Roy Coxhead RIP

Printweek team
Wednesday, May 19, 2021

Long-standing printing industry journalist and former Printweek columnist Roy Coxhead has died, aged 90.

Roy and Pat Coxhead pictured at Diana Thompson's wedding
Roy and Pat Coxhead pictured at Diana Thompson's wedding

Coxhead's father was in the army, and as a result he was born in Quetta Cantonment, Balochistan, Pakistan. 

He went on to be educated in the UK and started his career on local newspapers, followed by a stint in Australia during his early married life. He later returned to the UK overland with his wife Pat in a VW.

His career included communications roles for Reed International and then the British Printing Company where he worked for ten years, departing just prior to the Robert Maxwell era.

He then joined Benn Publications where he was editor of Printing World and then editorial director. 

Coxhead went on to write for Printweek as a columnist and he was also the non-executive chairman of printing industry PR specialist Plus Point PR.

During his working life he was a Fellow of the Institute of Printing, a member of the Wynkyn de Worde society, and a Liveryman in the Stationers’ Company.

Diana Thompson, managing director of Plus Point PR and long-term associate and friend, paid tribute: “I worked for Roy at Printing World and his training and mentoring enhanced my career, eventually enabling me to set up my own company. Generously he agreed to be our non-executive chairman and bubbled with great ideas for people development, projects or business expansion,” she said.

“He was a people person, highly intelligent and good company. It has always been a pleasure to share time with Roy and Pat over many years.”   

Printweek contributor Simon Eccles described his time working for Coxhead as “great fun”.

“Roy Coxhead gave me my first job in journalism in July 1981 and I’ve been grateful to him for his teaching and management style ever since. I was recently out of Manchester Polytechnic printing college and he needed a junior reporter who understood the technology,” Eccles said.

“As well as interviewing and reporting, Roy gave the opportunity for his staff to learn the nuts and bolts of magazine production and printing. Many went on to long careers in the media.

“Roy had worked in newspapers for years, as well as being PR for the British Printing Corporation for a while in its pre-Maxwell days, so he knew both sides of the trade press. He had firm beliefs that Printing World’s editorial was written for the benefit of its readers, without being swayed by advertisers or blustering bullies like Maxwell. His message was very much that objectivity and ethics were as important as getting the story.”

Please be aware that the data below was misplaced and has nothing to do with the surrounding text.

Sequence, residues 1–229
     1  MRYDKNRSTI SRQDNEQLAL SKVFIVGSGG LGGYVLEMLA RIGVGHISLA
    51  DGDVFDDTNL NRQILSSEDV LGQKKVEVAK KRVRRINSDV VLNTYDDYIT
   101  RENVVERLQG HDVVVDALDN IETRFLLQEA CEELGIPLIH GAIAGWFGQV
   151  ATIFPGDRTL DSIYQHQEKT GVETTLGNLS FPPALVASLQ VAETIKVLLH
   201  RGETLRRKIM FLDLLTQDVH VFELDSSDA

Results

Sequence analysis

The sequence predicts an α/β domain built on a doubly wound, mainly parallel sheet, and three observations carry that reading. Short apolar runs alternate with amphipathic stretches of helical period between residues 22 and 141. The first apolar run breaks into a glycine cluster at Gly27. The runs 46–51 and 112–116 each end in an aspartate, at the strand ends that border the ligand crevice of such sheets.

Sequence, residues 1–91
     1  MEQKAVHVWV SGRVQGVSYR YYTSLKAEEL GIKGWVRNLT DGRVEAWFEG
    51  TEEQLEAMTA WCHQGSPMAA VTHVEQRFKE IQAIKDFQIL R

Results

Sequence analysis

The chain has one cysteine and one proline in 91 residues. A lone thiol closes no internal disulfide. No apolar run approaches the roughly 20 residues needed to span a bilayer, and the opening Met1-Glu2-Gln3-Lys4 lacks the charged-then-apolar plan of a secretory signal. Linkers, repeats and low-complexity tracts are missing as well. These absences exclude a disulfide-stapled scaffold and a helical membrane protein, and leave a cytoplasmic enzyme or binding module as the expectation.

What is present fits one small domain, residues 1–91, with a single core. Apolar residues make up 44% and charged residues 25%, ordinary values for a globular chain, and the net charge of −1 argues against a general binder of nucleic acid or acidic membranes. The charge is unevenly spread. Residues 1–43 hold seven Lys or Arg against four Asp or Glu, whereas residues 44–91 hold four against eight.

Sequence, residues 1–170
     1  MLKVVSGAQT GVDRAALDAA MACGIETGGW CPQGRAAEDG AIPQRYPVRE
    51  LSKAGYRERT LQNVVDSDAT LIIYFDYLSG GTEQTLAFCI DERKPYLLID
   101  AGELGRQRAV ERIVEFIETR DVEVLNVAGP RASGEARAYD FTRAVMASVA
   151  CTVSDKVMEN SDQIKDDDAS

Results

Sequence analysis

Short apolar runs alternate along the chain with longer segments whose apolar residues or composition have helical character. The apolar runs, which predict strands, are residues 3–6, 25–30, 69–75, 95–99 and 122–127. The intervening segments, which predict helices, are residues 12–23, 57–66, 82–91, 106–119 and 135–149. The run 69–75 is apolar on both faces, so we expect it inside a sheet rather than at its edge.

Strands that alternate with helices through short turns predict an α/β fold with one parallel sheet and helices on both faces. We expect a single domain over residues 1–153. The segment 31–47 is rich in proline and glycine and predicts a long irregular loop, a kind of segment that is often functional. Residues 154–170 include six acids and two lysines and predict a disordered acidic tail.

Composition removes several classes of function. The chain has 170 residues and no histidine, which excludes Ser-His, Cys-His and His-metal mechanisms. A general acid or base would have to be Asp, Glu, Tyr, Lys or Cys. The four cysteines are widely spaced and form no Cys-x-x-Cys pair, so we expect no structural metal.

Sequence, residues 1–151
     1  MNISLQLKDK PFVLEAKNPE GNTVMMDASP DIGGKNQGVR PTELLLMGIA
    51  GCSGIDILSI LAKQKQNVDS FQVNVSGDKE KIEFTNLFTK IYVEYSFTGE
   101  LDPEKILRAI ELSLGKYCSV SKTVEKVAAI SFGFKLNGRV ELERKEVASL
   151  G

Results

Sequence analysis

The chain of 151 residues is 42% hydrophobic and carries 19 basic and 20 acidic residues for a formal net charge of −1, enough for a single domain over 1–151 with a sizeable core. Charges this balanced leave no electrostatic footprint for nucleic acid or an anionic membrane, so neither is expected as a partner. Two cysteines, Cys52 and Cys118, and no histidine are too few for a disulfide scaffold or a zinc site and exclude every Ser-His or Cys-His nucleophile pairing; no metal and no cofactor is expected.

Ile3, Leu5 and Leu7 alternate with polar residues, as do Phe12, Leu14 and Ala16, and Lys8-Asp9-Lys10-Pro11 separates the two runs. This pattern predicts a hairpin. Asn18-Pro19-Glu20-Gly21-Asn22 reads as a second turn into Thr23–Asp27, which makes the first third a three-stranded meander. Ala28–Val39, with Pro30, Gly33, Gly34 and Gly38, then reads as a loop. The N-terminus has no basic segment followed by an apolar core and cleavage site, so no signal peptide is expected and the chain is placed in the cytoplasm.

Eccles added that Coxhead had kept in touch with many of his colleagues after his retirement “and we’re all going to miss him”.

Simon Kanter, a former editor and publisher of Printweek, worked for Coxhead for a while at Printing World, and subsequently recruited him as a Printweek columnist. “I loved him to bits,” he said.

Kanter is pictured pretending to push Coxhead over Niagara Falls during a Kodak press trip to the States back in the last century

Gareth Ward, who succeeded Coxhead as editor of Printing World, said: “Roy modernised the way that the printing trade press reported on industry affairs, applying a sharper edge and robust journalistic approach and emphasising the importance of independent editorial”.

Coxhead died on 17 May. He is survived by Pat, his wife of 63 years, their sons Jonathan and Gavin and three grandchildren Joe, George and Sarah.

From the archive: ‘Coxhead’ column from Printweek, February 1995


'Why it’s time to stop giving our trade press a hard time'

It started in this column, so we are claiming the right to have the last word following the thumping victory scored by the trade press in the Institute of Printing’s House of Commons debate. 

First, lest hubris become overweening, we should quickly acknowledge the help we get from the people we talk to in the industry. How often, and how patiently, is it explained to yet another newcomer to print journalism that web offset is not spelt Webb and that perfecting has nothing to do with being faultless. 

Roy Hodgson and Bob Holt argued that the printing trade press could do a better job. No one would deny this, but neither they nor their fellow supporters in the chamber had much that was constructive to contribute; not that we can complain about that, because it’s what readers say about us, but it’s not a base from which to score debating points. 

Lord Beaverbrook said that news is what someone doesn’t want you to print, the rest is advertising. Prising out these facts is expensive and tight budgets limit investigative journalism, but even our opponents will acknowledge that the trade press today chases the news far more than it did 20 years ago, and to a greater extent than the trade press of any other country. 

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